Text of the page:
5. McCormick WI industrial tractor from behind. Note the heavy duty hitch and lack of PTO and 3-point arms.
6. The John Deere 55 Combine Harvester. This bagger machine is what the Stationary Engine team went out into the land with!
7. Feeding the McCormick threshing machine from a trailer behind this immaculate Ford Bluebottle.
8. Emile driving an Allis Chalmers tractor, towing his Gleaner self-powered harvester, which is powered by a Wisconsin V4 engine.
9. Engine side view of the Sunshine Auto-Header of 1934.
10. Publicity picture of the same machine from the 1934 Sunshine Auto Header catalogue
Then the early combine harvesters were started up in turn and went out into the land. The Stationary Engine Team of Derick Kleynhans, Peter Boast and I landed up on the bagging platform of a Green Machine and found our work cut out to fill, sew up and tip the bags. Derick was seeing how full he could make the bags and how difficult he could make it for me to sew them up with the remaining bag! Once the land was cleared, at one stage there were ten of these old monsters gulping through the Korog (triticale), the pick-up machines being preceeded by Cockshutt platsnyer (swather), the hard work began!
First we loaded the bags on to Emile's immaculate Chev lorry, until its springs started looking flat. Then we took a tractor and wagon out and loaded that to capacity. What next? All that was left was the bulk-trailer. Ever tried loading a full bag over the high sides of one of them? However, we developed a system with three people, two lifting and one pushing, and soon that trailer was also filling up. One of the lads was actually catching the bags and putting them down in their places! We were shown last year the technique for the two lifters: you make one continuous lift, stand up and throw from the ground to the trailer, no wasted energy swinging the bag!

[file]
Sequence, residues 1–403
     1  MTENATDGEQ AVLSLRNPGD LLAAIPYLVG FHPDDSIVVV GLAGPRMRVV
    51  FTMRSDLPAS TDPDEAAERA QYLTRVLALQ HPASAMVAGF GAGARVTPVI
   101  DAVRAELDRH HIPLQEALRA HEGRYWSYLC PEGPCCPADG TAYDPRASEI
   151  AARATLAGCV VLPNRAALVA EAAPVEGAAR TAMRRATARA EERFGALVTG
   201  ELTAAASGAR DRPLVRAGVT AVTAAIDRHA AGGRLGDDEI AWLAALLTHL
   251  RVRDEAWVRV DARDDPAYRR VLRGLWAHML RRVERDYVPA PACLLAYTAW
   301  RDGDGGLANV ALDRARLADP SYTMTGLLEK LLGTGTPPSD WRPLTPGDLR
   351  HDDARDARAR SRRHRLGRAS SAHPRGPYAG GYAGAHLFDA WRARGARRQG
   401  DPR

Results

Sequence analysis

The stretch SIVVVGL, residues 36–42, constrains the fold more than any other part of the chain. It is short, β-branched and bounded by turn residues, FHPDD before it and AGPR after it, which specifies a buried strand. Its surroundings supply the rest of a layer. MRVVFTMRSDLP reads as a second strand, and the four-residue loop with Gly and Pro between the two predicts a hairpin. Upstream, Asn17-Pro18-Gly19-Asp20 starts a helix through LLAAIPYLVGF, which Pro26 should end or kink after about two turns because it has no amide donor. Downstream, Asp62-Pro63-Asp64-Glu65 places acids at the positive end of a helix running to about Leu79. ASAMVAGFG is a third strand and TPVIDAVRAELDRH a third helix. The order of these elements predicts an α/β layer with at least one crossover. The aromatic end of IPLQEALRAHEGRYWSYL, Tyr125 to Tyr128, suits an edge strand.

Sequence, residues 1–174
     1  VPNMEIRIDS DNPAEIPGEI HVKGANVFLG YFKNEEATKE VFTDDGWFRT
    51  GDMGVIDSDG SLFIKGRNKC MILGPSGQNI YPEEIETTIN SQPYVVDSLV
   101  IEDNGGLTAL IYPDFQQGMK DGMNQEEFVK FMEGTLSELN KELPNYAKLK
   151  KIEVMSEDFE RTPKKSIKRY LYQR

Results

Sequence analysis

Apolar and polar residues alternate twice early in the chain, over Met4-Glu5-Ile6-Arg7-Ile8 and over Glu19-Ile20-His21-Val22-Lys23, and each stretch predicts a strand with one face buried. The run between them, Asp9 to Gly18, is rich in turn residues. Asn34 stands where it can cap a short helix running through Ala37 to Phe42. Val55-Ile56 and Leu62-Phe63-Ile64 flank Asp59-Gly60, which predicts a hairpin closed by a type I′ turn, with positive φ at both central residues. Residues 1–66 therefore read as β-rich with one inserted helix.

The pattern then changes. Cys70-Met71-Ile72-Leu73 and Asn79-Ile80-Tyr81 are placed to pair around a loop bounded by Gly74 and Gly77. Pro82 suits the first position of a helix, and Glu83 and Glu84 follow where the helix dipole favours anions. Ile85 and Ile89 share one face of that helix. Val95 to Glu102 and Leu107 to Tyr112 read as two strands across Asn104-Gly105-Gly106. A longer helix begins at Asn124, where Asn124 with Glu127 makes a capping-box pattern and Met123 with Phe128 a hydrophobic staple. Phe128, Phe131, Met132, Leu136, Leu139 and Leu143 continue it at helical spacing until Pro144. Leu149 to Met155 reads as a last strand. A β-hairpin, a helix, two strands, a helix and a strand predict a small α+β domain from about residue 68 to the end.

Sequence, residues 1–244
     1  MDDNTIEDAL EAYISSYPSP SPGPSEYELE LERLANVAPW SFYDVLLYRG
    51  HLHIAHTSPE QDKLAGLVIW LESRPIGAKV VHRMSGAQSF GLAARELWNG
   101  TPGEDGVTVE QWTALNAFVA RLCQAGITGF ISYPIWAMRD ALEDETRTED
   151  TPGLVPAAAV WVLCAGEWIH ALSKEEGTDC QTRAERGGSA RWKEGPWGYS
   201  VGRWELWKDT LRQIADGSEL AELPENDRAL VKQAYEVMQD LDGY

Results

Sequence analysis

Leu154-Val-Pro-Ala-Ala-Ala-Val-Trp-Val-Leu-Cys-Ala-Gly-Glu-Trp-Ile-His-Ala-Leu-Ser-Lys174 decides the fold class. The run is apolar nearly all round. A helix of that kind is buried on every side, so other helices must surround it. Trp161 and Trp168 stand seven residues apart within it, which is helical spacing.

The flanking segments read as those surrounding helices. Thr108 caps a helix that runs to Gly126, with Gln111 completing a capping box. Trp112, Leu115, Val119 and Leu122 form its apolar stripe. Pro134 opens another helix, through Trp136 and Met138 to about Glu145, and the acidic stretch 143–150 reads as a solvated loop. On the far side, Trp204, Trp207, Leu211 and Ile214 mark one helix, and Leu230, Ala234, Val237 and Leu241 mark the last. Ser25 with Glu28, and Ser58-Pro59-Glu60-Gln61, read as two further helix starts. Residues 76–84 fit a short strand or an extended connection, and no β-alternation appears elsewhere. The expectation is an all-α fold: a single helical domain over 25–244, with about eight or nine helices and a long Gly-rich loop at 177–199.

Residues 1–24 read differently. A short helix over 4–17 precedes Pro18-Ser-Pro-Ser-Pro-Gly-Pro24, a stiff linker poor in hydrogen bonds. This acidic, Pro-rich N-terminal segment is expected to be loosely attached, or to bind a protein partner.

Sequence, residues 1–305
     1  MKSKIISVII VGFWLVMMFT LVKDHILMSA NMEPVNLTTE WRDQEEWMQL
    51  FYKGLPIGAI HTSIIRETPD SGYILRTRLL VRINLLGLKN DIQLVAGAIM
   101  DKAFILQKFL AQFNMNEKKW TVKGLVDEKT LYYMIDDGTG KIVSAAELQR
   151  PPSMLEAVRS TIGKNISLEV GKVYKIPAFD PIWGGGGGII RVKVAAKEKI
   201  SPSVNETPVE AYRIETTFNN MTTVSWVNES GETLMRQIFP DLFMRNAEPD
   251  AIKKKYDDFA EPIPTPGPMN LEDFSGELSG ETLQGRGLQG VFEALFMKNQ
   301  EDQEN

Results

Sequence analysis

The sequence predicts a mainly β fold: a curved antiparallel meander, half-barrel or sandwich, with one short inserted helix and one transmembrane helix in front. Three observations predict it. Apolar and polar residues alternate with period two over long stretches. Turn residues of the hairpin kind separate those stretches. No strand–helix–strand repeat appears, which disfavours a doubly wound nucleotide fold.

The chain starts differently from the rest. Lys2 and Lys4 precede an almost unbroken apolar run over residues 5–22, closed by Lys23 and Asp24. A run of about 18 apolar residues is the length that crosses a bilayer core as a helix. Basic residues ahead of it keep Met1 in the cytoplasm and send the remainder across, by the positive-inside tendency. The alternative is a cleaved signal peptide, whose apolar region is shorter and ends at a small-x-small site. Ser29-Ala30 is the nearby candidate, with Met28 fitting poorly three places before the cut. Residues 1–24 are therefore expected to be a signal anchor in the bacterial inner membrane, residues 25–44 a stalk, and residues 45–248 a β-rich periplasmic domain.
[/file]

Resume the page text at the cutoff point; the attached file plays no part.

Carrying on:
Before packing up, however, there was still some threshing to do. Another trailer-full of sheaves had been brought in after the demo's. Most of the people had gone, so now we had an opportunity to do it hands-on, changing bags on the grader and watching the grain as it came from the sieves. The first class grain was coming out very cleanly, just a few ears (and bugs) were coming through. I would have liked to put a bag of this through the Stamford at Compagnes Drift, pity it was korog!
Just when we thought it was all over, Emile casually mentiuoned 'more sheaves out in the land'....... we went out and found a cache of another fully-loaded trailer! These we collected and fed through the machine. This time I had the opportunity to feed the machine, standing on the trailer nearest the 'knives', a health and safety nightmare! It was another technique to learn, to feed the machine evenly, ears first, with one person at the far end of the feed chute, throwing in for all he's worth, the one closest to the machine filling the gaps in between. It's hard work!
It had been hard work loading the bags and doing the last of the threshing. There was still a catch! Peter, Derick and Stephen Sokolic had brought engines, the latter had brought his IH Gyromill which had been stopping the crowds while he was demonstrating. With our last reserves of energy, we got these loaded, mostly IH pigs (I think Peter's 5-HP must be pregnant!) and JD E's.
Then 2½ hrs home! A quick stop at Derick's for a pocket of his potatoes broke the trip nicely! We are looking forward to the Southern Cape Club hosting next year's Annual Show, preparations are already in motion!